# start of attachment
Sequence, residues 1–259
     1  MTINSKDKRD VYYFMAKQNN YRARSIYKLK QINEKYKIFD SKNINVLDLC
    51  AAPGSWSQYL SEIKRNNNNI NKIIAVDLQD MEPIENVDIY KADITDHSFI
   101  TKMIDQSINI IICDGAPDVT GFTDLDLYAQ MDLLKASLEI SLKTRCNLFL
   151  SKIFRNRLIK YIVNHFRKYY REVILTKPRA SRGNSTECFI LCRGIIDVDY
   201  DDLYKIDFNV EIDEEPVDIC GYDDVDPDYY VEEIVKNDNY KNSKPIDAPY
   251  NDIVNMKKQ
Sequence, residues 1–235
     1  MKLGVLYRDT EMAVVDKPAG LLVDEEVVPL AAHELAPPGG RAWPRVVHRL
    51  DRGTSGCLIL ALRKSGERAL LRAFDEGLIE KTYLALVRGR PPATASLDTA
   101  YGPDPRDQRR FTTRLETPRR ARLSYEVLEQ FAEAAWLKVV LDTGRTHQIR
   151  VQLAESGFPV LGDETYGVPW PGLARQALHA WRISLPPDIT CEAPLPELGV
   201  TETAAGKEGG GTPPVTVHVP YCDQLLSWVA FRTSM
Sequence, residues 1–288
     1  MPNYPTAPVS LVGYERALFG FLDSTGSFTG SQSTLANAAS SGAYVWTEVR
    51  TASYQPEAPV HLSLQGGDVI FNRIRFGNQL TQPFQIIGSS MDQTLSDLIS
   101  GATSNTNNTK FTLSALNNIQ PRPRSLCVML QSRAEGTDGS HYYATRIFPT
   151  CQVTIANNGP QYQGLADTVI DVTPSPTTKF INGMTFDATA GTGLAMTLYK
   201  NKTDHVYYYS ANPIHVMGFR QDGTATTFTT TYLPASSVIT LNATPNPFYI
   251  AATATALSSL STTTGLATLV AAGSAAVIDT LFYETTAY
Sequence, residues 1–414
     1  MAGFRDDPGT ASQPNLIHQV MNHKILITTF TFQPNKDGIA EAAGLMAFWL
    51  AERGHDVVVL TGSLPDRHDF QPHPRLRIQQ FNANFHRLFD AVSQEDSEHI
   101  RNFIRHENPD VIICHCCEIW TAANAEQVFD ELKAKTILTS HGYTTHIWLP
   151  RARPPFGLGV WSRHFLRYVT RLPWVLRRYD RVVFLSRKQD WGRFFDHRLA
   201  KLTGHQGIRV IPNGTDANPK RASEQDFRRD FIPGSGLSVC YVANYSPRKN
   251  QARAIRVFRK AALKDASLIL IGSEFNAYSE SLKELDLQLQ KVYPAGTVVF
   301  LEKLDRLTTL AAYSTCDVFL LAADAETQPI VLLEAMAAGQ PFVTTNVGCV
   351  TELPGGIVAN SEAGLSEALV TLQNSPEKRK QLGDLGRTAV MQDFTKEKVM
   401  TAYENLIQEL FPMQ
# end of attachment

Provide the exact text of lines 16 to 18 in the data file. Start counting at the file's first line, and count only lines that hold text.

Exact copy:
    51  TASYQPEAPV HLSLQGGDVI FNRIRFGNQL TQPFQIIGSS MDQTLSDLIS
   101  GATSNTNNTK FTLSALNNIQ PRPRSLCVML QSRAEGTDGS HYYATRIFPT
   151  CQVTIANNGP QYQGLADTVI DVTPSPTTKF INGMTFDATA GTGLAMTLYK